PHP5 Object Oreinted Programing or POOP

Posted by: §intå×

PHP5 Object Oreinted Programing or POOP - 01/16/07 06:57 AM

Whats up people. I have recently started getting into PHP5's OOP stuff and thought I would drop a tut. Now I will cover what I have learned and in no way am I claiming to know all. I put off learning OOP for years. I thought it is just another way to do what I am doing. My scripts are just as good.

I will not say OOP style is better, but I will tell you it has some serious benefits. For one you will re-invent the wheel much less than you do now. You probably do not even know how much redundant code you have yet.

I will cover only PHP5 as there are differences in PHP4 and PHP5.

First lets start with variables. In PHP5 OOP you can set the access levels for vars with 3 different settings. Public, Private and Protected.

Public - code outside your class can change the value of the variable. You can not count on keeping it a certain value. This is useful if you want to pass some values into the class.

Private - The only way the variable will change is inside the class. Methods inside the class can change the variable, but child classes and outside code can not.

Protected - Can be changed by the methods and objects in the class and by the classes children. **Note a parent should never know too much about its children.**

In addition to variables having these access rights, our methods can be assigned the same rights. It should be noted if you do not assign rights the default is Public. As a rule you will want to lock vars and methods down that do not need to be publicly accessed. Okay if you have never coded in an OOP style you are probably saying, WTF is this guy talking about. Lets look at some code.

PHP:

<?php
/*
    +-------------------
    |    Fish Class
    |
    |    This class will
    |    spawn a fish and
    |    show us a life cycle
    |    of the fish
    +-------------------

*/
class fish{
    Public $fishName;
    Public $fishColor;

    Public function getBirth($fishName,$fishColor){
        $birth = "A fish is born.<br/>  Its name is $fishName.<br/>  It is $fishColor<br/>";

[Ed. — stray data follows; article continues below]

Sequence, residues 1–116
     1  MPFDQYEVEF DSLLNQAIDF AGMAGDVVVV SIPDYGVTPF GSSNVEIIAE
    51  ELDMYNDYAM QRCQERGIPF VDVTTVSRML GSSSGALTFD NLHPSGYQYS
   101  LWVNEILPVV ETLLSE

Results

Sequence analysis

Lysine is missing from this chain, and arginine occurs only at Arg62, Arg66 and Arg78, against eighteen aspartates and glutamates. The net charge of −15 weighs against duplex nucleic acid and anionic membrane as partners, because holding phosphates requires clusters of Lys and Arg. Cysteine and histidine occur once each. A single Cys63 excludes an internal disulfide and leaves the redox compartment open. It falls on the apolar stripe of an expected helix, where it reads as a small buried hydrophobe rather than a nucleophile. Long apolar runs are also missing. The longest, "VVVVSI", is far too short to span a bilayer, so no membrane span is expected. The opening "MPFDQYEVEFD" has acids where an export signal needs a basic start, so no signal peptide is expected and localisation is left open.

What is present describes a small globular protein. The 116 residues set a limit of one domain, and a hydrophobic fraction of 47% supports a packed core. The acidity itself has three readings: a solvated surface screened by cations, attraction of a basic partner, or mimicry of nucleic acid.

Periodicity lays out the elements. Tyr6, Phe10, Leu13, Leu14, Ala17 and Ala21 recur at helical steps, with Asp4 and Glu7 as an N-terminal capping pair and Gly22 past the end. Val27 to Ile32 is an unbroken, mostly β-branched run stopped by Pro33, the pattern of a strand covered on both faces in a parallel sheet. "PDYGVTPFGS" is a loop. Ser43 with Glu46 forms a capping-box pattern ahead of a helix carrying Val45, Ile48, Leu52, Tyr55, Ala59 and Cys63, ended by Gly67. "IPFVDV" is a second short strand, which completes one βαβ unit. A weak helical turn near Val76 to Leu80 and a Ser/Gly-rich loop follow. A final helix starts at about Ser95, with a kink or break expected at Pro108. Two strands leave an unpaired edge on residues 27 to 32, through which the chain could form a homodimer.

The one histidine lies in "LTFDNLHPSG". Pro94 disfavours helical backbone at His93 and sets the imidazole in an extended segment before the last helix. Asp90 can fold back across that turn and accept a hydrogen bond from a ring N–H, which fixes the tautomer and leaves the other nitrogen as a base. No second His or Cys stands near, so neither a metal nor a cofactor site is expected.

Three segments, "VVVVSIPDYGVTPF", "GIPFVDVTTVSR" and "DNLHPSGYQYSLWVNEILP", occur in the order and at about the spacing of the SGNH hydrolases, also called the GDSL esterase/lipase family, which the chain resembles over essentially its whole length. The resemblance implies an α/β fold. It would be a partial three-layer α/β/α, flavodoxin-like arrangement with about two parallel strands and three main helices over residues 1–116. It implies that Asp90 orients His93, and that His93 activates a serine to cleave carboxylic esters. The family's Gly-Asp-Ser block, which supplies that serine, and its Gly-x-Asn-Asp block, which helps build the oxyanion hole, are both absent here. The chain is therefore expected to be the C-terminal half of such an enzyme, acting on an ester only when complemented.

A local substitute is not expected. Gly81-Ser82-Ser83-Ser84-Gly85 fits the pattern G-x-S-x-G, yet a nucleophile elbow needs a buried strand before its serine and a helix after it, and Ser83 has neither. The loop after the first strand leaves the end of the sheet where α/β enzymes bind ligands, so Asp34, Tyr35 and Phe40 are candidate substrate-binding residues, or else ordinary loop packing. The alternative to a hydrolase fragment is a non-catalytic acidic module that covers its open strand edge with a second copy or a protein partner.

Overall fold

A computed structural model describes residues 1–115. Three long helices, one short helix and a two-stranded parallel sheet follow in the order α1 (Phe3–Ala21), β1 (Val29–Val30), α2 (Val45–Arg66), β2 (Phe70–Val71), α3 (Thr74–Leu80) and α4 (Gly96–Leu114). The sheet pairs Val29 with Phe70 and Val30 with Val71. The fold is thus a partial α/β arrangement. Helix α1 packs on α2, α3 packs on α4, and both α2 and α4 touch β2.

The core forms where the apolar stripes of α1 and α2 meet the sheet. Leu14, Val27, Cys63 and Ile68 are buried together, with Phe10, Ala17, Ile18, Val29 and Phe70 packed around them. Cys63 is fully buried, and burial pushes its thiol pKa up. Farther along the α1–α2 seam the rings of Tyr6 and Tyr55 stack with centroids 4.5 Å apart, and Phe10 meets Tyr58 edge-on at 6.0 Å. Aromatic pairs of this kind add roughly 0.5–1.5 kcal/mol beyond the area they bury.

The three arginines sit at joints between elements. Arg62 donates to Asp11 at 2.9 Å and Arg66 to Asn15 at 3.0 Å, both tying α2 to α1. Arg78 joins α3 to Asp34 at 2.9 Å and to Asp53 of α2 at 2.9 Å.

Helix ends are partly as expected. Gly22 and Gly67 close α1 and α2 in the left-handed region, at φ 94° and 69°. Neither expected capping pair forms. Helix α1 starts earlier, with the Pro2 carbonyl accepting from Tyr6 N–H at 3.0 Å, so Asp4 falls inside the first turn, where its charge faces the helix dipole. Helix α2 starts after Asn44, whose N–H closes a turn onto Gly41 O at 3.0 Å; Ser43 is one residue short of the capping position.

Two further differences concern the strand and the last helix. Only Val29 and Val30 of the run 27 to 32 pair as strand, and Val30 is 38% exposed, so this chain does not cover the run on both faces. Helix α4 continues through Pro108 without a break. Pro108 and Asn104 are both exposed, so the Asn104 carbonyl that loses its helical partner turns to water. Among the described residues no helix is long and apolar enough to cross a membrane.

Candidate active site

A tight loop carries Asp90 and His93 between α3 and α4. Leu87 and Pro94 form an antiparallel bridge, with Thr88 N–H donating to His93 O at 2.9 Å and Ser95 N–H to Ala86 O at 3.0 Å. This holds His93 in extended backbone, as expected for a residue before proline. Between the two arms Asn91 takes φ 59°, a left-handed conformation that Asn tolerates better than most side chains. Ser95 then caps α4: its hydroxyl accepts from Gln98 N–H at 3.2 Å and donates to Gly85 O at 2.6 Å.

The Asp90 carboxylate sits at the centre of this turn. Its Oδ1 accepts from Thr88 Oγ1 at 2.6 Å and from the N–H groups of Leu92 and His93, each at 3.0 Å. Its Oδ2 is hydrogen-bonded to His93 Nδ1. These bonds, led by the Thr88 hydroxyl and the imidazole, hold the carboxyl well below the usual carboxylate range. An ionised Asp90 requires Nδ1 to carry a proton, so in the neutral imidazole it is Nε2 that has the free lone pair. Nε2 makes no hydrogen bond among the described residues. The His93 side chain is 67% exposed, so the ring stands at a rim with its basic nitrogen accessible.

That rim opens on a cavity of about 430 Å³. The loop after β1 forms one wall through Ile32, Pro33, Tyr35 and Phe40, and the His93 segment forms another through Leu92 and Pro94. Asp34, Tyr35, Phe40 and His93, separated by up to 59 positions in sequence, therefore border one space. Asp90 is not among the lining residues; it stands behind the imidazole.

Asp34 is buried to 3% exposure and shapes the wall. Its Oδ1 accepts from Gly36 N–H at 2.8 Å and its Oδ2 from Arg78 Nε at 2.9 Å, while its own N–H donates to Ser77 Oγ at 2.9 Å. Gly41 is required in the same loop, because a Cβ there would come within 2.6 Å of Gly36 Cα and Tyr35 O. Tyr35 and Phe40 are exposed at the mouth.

return $birth;
    }
}
?>

<?php
/*
    Above you have a very simple class.  
    Below is an example on how to call and use this class.
*/
$nemo = new fish;
print $nemo->getBirth('Nemo','Orange');
?>



The above code would of course print out

Code:
A fish is born.
It's name is Nemo.
It is Orange.


As I said this was a simple class. Did you notice the function in this class? That is what we will from now on refer to as a method. Methods are where actions happen. Data is processed and we get feed back.

Now you could very easily keep creating fish with the line...
PHP:
$nemo = new fish; //or $dory = new fish; //or $flounder = new fish;


Each of the above would be an instance of the class. Each independently having access to all the variables and methods in the class. Stating to see the power yet? Now our fish is born. But maybe there are some things we could automate here. What do we know about life? Well everything must die right? How about other things? Everything has a life span, all fish have fins. Lets expand our class and automate some things with special methods.

Code:
special methods

__construct
__destruct


Lets see how we can use "_ _construct" and "_ _destruct" to make our life easier.

PHP:

<?php
/*
    +-------------------
    |    Fish Class
    |
    |    This class will
    |    spawn a fish and
    |    show us a life cycle
    |    of the fish
    +-------------------

*/
class fish{
    Public $fishName;
    Public $fishColor;
    Public $fishFins;

    public function __construct(
       $fishName,
       $fishColor,
       $fishFins){
           $this->fishName  = $fishName;
           $this->fishColor = $fishColor;
           $this->fishFins  = $fishFins;
    }

    public function __destruct(){
        print "<br/><br/>This fish $this->fishName has died.<br />";  
        print "May all $this->fishFins of his fins rest in peace";
    }

    Public function getBirth($this->fishName,$this->fishColor){
            $birth = "A fish is born.<br/>";  
            $birth .= "Its name is $this->fishName.<br/>";  
            $birth .= "It is $this->fishColor.<br/>";  
            $birth .= "It has $this->fishFins fins.<br />";
        return $birth;
    }
}
?>

<?php
/*
    Above you have a very simple class.  
    Below is an example on how to call and use this class.
    Please note now we define the needed values in the object
    definition.  No longer in the print statement.
*/

$nemo = new fish(
                  'Nemo',    // Fish name
                  'Orange',  // Fish color
                  5          // Number of fins on fish
                 );
print $nemo->getBirth();
?>



The above should out put
Code:
A fish is born.  
Its name is Nemo.
It is Orange";  
It has 5 fins.

This fish Nemo has died.
May all 5 of his fins rest in peace


But wait I didn't call the __destructor method. Nope it is automatically called when the class is finished. Think about closing MySQL connections. Think about unsetting vars, arrays or unlinking temp files. This is very handy indeed. You will also notice by putting the vars in the __constructor I force the user to define these vars each time they create an object or instance of fish. This can be very handy also.

Of course you can put more methods in the class as well. Play with that I will add more later.